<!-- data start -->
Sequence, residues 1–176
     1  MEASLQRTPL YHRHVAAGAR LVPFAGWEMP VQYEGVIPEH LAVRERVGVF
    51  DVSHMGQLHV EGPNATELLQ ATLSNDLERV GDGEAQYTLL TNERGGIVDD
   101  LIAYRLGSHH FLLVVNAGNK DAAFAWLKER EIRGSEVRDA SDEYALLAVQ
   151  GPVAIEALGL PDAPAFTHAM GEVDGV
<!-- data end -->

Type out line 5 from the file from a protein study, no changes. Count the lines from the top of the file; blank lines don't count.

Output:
   151  GPVAIEALGL PDAPAFTHAM GEVDGV